Here is a method dodge and burn an image in Photoshop Elements which works the same way in Photoshop. It involves creating a layer on which the dodge and burn process is performed. It also takes advantage of a special characteristic of the Soft Light blend mode. This is a different dodge and burn method to that which Food blogger Danny Jauregui used in his recent post.

Step 1
Open your image in Photoshop Elements (or Photoshop) and add a new layer by choosing Layer > New > Layer and click Ok.

Click on the foreground color swatch and set the R, G, and B values each to 128 and click Ok.

Step 2
Click the Paint Bucket tool in the tool list and click on the image to fill the layer with the gray color. You can also press Alt + Backspace (Option + Delete on the Mac) to fill the layer with the foreground color.

Step 3
Set the layer’s blend mode to Soft Light. The result will be that you will see your image just as it was when you opened it.

The Soft Light blend mode can be used to lighten or darken an image. If the color on the top layer is darker than neutral grey the image on the layer below is darkened and if it is lighter than neutral grey the layer below is lightened. When you blend with neutral grey, nothing happens. Here we have filled the layer with neutral gray (each of the RGB values are 128) so you see no change to the image.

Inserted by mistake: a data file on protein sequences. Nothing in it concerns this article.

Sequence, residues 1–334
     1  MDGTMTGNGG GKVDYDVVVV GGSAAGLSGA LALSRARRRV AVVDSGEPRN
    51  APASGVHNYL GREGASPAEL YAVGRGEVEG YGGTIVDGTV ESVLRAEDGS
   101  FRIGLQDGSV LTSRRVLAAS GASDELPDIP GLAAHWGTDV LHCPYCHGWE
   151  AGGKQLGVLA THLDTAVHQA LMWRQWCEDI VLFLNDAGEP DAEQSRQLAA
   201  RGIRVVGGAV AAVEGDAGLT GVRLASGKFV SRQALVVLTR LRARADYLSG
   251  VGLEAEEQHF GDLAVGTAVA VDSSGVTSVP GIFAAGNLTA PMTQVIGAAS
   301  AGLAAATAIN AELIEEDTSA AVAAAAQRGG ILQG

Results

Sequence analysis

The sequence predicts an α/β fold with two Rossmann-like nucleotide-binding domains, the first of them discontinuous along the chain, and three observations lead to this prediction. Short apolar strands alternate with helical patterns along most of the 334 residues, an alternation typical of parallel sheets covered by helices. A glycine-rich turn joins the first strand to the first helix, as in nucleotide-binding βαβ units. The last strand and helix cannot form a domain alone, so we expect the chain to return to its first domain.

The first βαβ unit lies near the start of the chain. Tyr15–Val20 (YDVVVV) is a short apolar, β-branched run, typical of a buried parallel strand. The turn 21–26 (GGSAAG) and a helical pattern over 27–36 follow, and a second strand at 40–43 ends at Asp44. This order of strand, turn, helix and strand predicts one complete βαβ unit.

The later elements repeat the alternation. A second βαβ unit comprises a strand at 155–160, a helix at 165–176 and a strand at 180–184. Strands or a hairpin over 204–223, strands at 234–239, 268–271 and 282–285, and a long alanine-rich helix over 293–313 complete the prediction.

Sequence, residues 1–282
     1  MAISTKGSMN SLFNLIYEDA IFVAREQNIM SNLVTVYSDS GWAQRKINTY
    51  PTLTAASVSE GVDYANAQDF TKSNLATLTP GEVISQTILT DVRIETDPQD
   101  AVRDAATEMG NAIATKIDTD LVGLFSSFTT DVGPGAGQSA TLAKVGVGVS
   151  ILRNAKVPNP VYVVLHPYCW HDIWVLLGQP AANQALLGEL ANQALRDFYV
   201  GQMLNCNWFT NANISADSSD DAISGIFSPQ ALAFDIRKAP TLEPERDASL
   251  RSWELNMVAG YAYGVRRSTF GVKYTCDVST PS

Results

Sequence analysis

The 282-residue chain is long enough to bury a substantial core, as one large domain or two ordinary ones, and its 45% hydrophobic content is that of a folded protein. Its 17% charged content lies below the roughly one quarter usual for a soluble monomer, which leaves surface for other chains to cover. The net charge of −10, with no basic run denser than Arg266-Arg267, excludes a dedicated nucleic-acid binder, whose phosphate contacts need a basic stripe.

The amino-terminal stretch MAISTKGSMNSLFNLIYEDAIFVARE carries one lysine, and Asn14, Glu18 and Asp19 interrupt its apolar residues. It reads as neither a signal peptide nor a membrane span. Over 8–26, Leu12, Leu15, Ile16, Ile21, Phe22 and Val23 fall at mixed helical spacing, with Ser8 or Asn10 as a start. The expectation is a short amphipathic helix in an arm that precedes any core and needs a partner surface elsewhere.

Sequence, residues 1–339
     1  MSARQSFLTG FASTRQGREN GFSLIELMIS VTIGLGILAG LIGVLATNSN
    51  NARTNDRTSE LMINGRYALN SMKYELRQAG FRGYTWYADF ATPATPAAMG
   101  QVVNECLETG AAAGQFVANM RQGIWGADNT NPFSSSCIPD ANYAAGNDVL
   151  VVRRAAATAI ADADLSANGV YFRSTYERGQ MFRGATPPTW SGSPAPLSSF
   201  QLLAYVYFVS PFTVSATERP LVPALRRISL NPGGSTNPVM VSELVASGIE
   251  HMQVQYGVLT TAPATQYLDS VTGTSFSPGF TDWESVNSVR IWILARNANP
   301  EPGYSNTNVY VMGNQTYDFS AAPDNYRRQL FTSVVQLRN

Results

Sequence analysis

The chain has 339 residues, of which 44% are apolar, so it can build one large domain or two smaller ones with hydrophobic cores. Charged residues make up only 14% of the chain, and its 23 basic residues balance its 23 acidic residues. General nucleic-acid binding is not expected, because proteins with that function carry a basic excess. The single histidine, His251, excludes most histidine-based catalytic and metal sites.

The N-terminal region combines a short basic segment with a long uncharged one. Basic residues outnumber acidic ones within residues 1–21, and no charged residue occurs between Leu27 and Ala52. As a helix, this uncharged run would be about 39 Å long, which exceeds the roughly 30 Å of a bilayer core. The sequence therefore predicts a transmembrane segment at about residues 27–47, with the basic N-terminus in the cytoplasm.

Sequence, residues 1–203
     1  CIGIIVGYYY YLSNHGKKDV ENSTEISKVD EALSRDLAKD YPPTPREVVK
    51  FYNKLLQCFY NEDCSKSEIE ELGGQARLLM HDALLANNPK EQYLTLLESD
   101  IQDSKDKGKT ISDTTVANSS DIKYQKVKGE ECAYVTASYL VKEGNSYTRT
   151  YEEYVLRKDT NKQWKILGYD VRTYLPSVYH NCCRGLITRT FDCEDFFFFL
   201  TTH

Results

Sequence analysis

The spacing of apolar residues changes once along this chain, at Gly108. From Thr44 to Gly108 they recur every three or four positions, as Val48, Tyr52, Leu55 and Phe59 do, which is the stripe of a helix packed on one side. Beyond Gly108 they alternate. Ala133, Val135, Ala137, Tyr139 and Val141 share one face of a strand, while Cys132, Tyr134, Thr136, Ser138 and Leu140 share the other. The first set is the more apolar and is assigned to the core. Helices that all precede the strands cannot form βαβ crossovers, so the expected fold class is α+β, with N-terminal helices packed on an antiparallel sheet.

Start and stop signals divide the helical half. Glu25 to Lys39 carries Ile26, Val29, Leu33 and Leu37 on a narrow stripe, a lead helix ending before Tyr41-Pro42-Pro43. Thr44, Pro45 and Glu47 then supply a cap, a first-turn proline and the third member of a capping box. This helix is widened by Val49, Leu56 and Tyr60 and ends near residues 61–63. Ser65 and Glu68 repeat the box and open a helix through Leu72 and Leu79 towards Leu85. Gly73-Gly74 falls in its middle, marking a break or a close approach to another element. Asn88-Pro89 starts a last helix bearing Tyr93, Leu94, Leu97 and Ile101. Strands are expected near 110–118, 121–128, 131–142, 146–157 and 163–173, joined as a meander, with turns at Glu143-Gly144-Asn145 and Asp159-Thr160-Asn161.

So, if we now paint on this top layer with white the image will be lightened and if we paint with black it will be darkened. This is the equivalent of dodging and burning on the image.

Step 4
Select the Brush tool and select a circular soft edge brush adjusting its Opacity to around 25 percent. Adjust its size by pressing the [ or ] key on the keyboard. Set the foreground and background colors to white and black by pressing the D key and then the X key. Paint over the image on this top layer in white in those places that you want to lighten the image below.

For those parts of the image that you want to darken, paint over them with black.

If desired you can create one layer for burning and a second one for dodging. This will allow you to alter the opacity of each layer separately so you can subtly adjust the strength of the lightening or darkening applied.

To ensure that the fix remains changeable, save your image in a format that saves the image layers such as .psd.

Helen Bradley